After rushing up the switchbacks, we slowed down in Echo Canyon to enjoy our surroundings. And take a selfie.


Since it had rained the night before, there was a steady flow of water throughout the canyon. Which gives you a good idea of how these narrow wonders were made. We rounded out of Echo Canyon, into an opening, as we continued our ascent.


The trail seemed to meander through this area for a long time. It felt like we were going up for a long time. And then would be on flat ground for about 10 seconds before going up again. But then came a glorious reprieve — the last quarter or half a mile or so (I can’t be sure, my legs and lungs were pretty spent at that point) was flat! We basically wandered along the top of the canyon until we came to: the prize at the bottom of the box! Or in this case, at the top of a long, steep hike.

IMG_1605To be honest, I probably would have walked four MORE miles for this view.

All I could think was, I can see for miles and miles.

IMG_1603Those rich, rich colors!

IMG_1617I love these U.S. Geological Survey markers.

We did what we do best on our hikes — inhaled lunch once we reached our destination. And enjoyed the view. The sky had darkened on our way up, but if anything it made for a more dramatic view. Zion Canyon is a pretty lady in any light.


The hike down was much more chill, although a bit taxing on the knees.

Joel still gave the hike two thumbs up.


IMG_1661A quick stop in Echo Canyon on our way back through.

By the time we back to the bottom of the trail and onto the shuttle, there was a slight drizzle. I wasn’t going to leave the park without at least glimpsing the Narrows, so after our eight-mile trek, I dragged Joel another mile (there AND back) on the Riverside Walk from the Temple of Sinawava to the mouth of the Narrows.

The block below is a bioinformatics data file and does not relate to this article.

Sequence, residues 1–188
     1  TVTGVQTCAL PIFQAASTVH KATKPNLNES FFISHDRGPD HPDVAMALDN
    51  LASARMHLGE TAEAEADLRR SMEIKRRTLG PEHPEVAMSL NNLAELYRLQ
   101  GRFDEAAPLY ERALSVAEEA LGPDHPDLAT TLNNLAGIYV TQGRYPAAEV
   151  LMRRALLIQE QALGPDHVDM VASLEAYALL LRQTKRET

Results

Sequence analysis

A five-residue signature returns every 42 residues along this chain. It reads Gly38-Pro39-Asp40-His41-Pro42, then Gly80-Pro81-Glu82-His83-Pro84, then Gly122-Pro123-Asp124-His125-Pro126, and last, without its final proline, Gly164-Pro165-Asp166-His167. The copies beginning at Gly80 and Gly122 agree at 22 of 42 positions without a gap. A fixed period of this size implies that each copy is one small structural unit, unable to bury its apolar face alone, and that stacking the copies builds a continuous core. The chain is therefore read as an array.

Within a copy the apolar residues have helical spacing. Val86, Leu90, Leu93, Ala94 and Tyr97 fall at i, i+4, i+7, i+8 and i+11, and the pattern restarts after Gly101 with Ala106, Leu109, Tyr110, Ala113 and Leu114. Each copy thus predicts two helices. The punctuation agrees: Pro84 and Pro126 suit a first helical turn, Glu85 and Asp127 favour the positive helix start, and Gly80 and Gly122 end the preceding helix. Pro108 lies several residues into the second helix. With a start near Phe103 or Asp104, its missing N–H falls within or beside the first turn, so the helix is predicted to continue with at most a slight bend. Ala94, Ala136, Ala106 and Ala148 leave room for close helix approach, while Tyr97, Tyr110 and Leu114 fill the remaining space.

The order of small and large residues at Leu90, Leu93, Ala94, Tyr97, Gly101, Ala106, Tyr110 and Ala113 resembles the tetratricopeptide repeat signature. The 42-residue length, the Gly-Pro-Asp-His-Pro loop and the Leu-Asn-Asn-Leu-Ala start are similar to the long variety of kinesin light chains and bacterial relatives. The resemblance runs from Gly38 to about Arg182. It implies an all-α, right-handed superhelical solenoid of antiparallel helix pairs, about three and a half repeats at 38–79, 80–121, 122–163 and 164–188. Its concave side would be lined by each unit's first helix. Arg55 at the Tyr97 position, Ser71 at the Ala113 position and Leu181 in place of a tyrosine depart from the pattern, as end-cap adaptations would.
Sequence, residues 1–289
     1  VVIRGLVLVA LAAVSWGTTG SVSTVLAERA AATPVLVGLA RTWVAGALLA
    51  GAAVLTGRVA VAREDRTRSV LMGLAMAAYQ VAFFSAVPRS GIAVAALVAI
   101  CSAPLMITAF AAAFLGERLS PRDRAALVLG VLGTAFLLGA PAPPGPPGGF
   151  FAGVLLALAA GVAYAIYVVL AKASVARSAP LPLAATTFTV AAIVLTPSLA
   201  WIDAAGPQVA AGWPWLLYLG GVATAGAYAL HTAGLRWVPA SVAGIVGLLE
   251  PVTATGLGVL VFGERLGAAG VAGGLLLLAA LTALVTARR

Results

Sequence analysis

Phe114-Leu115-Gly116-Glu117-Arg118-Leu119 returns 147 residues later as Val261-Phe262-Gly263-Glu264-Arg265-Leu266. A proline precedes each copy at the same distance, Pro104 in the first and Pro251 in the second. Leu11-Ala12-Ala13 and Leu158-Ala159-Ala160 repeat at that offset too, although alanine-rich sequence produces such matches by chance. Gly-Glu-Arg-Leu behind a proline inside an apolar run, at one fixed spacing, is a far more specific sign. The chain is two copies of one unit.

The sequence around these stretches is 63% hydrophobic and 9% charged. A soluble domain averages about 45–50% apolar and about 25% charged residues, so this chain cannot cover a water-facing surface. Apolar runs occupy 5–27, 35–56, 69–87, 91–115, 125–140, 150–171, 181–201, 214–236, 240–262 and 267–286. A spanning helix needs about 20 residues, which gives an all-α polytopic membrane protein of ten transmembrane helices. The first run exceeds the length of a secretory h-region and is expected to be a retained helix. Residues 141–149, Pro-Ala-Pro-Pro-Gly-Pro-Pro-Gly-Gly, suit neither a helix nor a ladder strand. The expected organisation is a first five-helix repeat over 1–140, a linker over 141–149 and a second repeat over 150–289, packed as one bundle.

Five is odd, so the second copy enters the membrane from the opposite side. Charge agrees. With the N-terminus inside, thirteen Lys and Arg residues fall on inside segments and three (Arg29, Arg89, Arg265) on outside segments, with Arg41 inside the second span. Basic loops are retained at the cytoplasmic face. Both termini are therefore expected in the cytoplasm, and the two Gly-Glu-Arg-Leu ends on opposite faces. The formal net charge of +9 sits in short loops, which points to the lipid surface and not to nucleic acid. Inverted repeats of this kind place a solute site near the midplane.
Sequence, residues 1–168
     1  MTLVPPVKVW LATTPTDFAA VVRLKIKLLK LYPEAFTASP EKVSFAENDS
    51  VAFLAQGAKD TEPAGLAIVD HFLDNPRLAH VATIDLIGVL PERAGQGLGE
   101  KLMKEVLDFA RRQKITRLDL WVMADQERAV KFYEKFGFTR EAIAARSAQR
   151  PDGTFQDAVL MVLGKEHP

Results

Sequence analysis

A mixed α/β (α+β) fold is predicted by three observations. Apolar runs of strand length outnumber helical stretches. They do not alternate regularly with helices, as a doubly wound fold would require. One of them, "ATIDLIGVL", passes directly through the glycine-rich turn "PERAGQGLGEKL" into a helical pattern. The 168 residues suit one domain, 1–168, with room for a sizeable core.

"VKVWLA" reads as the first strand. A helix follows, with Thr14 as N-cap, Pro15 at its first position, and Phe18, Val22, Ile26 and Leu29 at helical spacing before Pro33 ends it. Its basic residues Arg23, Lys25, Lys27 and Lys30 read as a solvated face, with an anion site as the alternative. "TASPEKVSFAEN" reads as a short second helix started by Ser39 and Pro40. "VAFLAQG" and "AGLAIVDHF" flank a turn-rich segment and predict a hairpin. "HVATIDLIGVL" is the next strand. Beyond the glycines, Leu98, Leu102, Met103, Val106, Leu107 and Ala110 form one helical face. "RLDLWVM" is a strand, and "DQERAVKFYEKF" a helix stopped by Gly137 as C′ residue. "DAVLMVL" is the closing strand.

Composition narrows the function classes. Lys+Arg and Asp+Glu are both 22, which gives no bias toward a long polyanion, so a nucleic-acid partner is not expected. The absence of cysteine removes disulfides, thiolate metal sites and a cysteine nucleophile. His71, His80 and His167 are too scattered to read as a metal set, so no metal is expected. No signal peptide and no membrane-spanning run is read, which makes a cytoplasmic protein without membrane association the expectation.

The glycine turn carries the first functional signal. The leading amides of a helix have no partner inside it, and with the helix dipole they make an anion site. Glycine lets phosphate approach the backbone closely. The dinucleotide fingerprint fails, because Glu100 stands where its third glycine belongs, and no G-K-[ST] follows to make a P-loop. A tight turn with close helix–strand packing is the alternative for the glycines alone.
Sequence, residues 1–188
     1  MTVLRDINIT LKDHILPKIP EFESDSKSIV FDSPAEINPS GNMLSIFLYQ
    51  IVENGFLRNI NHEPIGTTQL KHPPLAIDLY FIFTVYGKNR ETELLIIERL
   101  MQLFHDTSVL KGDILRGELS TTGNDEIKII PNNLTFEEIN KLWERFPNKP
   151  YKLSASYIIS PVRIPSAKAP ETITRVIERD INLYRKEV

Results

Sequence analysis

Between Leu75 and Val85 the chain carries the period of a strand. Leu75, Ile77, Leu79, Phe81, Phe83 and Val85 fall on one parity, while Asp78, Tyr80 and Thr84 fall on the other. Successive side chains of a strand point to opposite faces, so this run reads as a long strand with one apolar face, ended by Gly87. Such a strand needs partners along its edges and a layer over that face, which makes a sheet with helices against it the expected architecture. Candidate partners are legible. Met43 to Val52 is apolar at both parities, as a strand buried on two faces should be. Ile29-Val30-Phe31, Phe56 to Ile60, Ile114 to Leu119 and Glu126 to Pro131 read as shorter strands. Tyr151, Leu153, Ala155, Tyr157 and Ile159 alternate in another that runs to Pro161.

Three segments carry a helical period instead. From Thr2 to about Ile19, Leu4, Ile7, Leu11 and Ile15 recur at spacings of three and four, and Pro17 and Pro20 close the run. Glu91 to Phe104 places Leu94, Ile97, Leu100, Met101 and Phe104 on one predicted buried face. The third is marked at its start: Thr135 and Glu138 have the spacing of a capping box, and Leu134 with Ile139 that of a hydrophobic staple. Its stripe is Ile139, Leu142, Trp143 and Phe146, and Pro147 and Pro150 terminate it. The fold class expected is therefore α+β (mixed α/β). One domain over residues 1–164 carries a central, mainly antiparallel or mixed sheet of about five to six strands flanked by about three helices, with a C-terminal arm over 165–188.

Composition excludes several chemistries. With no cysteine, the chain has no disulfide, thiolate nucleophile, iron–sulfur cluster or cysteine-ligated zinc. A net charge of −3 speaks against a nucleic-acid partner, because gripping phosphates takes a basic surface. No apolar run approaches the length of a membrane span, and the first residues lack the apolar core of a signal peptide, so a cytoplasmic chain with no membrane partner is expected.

I had hoped to at least wade a little ways in, but because of the impending storms, plus our very tired legs and tired bodies (I was on the cusp of a cold) and the cold air AND water, the above picture is as close as we got. So we headed back to our hotel mid-afternoon. I can’t really complain though, because we sat and chilled on our hotel balcony with this view:

IMG_1675Not too shabby.

And that’s it for our Wild West trip. The next day we drove back to Salt Lake City and caught a flight back home to Jacksonville. It was a whirlwind week — we fit WAY too much into our eight-day adventure. But it was all worth seeing, and I dare to say I’d do it again if I had to redo this trip. Luckily my husband is a go with the flow type of guy, so he’s typically game for whatever crazy timeline or activity I have up my sleeve (as long as he doesn’t have to plan it — good thing I love to plan and he loves to just go along #matchmadeinheaven).

I never thought I’d be a road trip fan, but when you’re driving through incredibly gorgeous landscapes, it’s hard NOT to have fun. Throw in some good music and I feel like I can drive forever. Until next time…